|National Cancer Institute (NCI)|
The person who is responsible for the scientific and technical direction of the entire clinical study.
|Thomas A Waldmann, M.D.|
|Principal Investigator Affiliation||National Cancer Institute (NCI)|
Category of organization(s) involved as sponsor (and collaborator) supporting the trial.
The disease, disorder, syndrome, illness, or injury that is being studied.
|Celiac Disease, Celiac Sprue, Gluten Enteropathy, Gluten-Sensitive Enteropathy|
- - Celiac disease is a complex inflammatory disorder with an autoimmune component characterized by a dramatic expansion of intraepithelial cytotoxic T lymphocytes that usually regress on a gluten-free diet.
- - It is estimated that approximately 10% of patients become refractory on a gluten-free diet.
- - A subgroup of refractory celiac disease is characterized by expansion of a highly oligoclonal intraepithelial T-lymphocyte population that exhibits a high risk of developing enteropathy associated T-cell lymphoma (EATL).
- - There is presently no effective therapy for refractory celiac disease.
- - A number of studies indicate that intestinal epithelial derived IL-15 plays a critical role in the disrupted intraepithelial lymphocyte homeostasis and lymphomagenesis that characterizes refractory celiac disease.
- - A pivotal role for IL-15 in refractory celiac disease and EATL is further supported by the finding that in two murine models of celiac disease the pathognomonic features were reversed completely by administration of an antibody to CD122 (IL-2/IL-15R beta) that blocks IL-15 transpresentation and action.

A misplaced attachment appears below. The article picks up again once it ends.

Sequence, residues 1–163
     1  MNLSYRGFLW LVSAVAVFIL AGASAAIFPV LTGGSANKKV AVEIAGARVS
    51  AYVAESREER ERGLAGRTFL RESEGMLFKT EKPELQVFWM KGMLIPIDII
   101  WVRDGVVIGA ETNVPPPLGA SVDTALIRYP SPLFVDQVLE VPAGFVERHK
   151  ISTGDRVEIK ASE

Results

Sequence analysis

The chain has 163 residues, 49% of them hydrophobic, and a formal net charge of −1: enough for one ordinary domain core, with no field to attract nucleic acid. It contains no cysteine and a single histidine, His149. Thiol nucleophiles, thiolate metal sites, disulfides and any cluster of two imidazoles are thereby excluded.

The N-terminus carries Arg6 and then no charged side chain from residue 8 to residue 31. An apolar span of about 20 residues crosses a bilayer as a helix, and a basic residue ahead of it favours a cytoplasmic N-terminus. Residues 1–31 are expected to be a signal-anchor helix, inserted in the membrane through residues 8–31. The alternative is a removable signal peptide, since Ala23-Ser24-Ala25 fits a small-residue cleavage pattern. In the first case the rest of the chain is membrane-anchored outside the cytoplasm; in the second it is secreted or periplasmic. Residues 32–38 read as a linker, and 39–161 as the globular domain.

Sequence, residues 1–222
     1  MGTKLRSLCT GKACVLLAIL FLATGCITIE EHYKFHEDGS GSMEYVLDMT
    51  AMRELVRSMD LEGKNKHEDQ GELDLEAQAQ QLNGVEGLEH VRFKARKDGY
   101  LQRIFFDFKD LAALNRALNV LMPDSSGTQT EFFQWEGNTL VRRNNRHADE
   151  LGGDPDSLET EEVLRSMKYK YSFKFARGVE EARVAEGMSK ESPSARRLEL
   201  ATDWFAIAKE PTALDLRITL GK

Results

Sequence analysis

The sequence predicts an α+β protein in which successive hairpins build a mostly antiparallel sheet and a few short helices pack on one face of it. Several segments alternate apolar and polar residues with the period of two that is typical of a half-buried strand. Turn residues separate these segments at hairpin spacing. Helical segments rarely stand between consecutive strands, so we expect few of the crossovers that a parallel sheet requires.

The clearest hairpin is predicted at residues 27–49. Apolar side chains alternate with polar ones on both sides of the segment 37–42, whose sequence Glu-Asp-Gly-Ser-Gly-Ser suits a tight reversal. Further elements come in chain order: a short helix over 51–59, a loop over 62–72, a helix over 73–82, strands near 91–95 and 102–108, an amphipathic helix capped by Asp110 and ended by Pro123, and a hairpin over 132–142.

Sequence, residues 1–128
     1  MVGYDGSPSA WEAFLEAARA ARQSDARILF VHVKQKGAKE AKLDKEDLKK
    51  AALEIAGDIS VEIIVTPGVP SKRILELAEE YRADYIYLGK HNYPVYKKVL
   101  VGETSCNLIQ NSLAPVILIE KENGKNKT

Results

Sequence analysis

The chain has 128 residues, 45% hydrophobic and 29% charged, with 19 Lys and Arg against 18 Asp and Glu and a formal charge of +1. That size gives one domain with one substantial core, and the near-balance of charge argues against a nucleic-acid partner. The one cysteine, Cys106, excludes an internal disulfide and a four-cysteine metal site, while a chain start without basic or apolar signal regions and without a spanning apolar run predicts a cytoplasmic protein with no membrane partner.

- - A Phase I clinical trial in patients with T-cell LGL and hematocytopenia using the monoclonal antibody, Hu-Mik-Beta-1 that blocks IL-15 action produced under cGMP conditions by the BDP NCI has been completed in the Metabolism Branch, NCI at the Clinical Center NIH.
- - Phase I trial to define the safety of Hu-Mik-Beta-1 infusions to 2 groups of patients each with refractory celiac disease at escalating 0.5 (7 patients) and 1.0 (2 patients) mg/kg doses.
- - To define the clinical efficacy of Hu-Mik-Beta-1 infusions in 9 patients with refractory celiac disease and to correlate these findings with celiac disease specific tests.
- - Definition of the receptor saturation capacity on CD122 (IL-2/IL-15R beta) of intravenously administered Hu-Mik-Beta-1 administered at 0.5 and 1.0 mg/kg body weight to 2 groups of patients on three occasions separated by 3 weeks in patients with refractory celiac disease.
- - Determine the immunogenicity of intravenously administered Hu-Mik-Beta-1.